Hollywood studios were reluctant to hire composers without previous film experience; Copland would therefore need a film credit, and documentary films were a viable path to the requisite credentials. The filmmakers advocate a new approach to urban planning by contrasting the conditions of an industrial mining town (shot in Pittsburgh) and the interior of a large city (shot in New York) with a new type of planned community (shot in Greenbelt, Maryland) that is "organized to make cooperation possible between machines and men - and nature," according to the narrator.
630 Notes, March 2010 creates a vivid sound world, complimented seemed overly loud in comparison to the on stage by the sets and costumes by rest of the orchestra. Still, these are minor Francis O’Connor. issues. The entire cast (with mezzo-soprano Pinocchio, commissioned by Opera North Victoria Simmonds in the title role) gives a with Sadler’s Wells Theatre and Chemnitz consistently ﬁne performance, and their Opera, had its world premiere on 21 De- voices are well-balanced with the orchestra. cember 2007 at the Grand Theatre and The extra features of this two-disc set in- Opera House, Leeds. The resultant DVDs clude a synopsis, cast gallery, and enlight- were recorded by Opus Arte at Sadler’s ening interviews with the composer, libret- Wells Theatre in London on 29 February tist, stage director, and conductor. A useful and 1 March 2008. Overseen by recording booklet is also included. The high produc- director Thomas Grimm, the recording is tion values of this recording are all the a pleasure both visually and aurally, with more impressive given how quickly it was few ﬂaws. While the close camera work produced, and this opera, a welcome addi- throughout was useful in capturing the sub- tion to the repertory, is bound to please tleties of the singers’ expressions, certain viewers of all ages. scenes (such as the marionette scene) would have beneﬁted from a wider camera Ryan Ebright angle. And, in the ﬁnale, the drum set University of North Carolina, Chapel Hill The City. DVD. Angel Gil-Ordonez / Post-Classical Ensemble. Music by Aaron Copland. Directed by Ralph Steiner and Willard Van Dyke. Canada: Naxos 2.110231, 2009. $17.99. To Aaron Copland, writing music for is represented by pastoral, consonant mu- Hollywood ﬁlms represented an opportu- sic, while urban conditions are shown to nity to reach a much wider audience than dissonant, rhythmically jarring portions of was typically possible for composers of con- the score. Additionally, there is often a cert music. Hollywood ﬁlm scoring was, strong physical correlation between speciﬁc however, according to George Antheil, images and musical ﬁgures, such as the “a closed corporation” (Modern Music 15, clarinet triplet passage that plays while the no. 1 [November-December 1937]). Holly- viewer is shown a water wheel. wood studios were reluctant to hire com- The new recording of the score surpasses posers without previous ﬁlm experience; the original in many respects. There is Copland would therefore need a ﬁlm greater dynamic range, more detail of or- credit, and documentary ﬁlms were a viable chestral color, and in general, the score path to the requisite credentials. works better as abstract music in the hands The City, made for the 1939 World’s Fai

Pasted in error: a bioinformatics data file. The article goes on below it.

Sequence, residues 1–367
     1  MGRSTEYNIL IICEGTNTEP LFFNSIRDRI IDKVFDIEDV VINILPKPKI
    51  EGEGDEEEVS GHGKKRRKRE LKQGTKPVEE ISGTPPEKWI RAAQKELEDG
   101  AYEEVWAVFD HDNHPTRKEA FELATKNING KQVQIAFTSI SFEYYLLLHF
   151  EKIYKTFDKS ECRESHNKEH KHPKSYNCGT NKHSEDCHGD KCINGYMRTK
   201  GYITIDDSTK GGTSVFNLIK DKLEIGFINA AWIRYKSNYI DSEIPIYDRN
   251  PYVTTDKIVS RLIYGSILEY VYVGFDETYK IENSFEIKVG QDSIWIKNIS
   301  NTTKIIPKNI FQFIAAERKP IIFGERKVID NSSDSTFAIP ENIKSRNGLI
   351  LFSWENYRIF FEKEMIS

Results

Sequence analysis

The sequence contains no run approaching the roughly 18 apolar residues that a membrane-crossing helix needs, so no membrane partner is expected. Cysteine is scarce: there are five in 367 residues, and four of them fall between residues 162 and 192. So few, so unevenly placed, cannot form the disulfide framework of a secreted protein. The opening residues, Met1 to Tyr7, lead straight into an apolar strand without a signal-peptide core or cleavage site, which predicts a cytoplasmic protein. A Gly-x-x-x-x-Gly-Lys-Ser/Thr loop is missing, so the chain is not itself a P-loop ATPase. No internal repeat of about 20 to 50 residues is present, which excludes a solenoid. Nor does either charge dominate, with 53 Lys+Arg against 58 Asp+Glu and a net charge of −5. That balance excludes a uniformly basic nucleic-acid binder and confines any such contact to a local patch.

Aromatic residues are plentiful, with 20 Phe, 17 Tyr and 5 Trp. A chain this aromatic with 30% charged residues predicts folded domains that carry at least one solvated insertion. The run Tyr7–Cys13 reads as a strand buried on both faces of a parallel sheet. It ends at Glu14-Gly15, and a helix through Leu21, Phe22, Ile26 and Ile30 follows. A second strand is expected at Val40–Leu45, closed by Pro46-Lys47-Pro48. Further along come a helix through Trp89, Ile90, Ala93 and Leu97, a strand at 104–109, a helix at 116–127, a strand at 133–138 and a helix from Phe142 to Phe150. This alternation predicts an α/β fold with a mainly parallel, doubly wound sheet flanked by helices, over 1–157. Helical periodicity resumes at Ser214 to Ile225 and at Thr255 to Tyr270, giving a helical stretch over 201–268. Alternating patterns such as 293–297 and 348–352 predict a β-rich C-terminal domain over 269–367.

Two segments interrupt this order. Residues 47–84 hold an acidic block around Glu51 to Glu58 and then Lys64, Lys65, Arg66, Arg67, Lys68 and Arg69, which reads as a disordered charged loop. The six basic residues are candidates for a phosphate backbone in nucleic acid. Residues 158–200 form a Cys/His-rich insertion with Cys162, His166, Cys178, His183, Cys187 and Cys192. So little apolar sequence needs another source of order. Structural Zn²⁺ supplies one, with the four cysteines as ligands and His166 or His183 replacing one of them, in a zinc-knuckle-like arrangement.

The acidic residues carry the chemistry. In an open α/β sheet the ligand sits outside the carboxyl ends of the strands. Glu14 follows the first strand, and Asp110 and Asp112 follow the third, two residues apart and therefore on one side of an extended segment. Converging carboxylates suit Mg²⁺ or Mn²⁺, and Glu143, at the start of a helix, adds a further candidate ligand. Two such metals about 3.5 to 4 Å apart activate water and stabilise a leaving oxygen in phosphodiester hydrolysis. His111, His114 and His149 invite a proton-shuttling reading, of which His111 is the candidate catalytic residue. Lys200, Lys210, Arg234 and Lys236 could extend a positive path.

Pages to are hidden for
"The City"Please download to view full document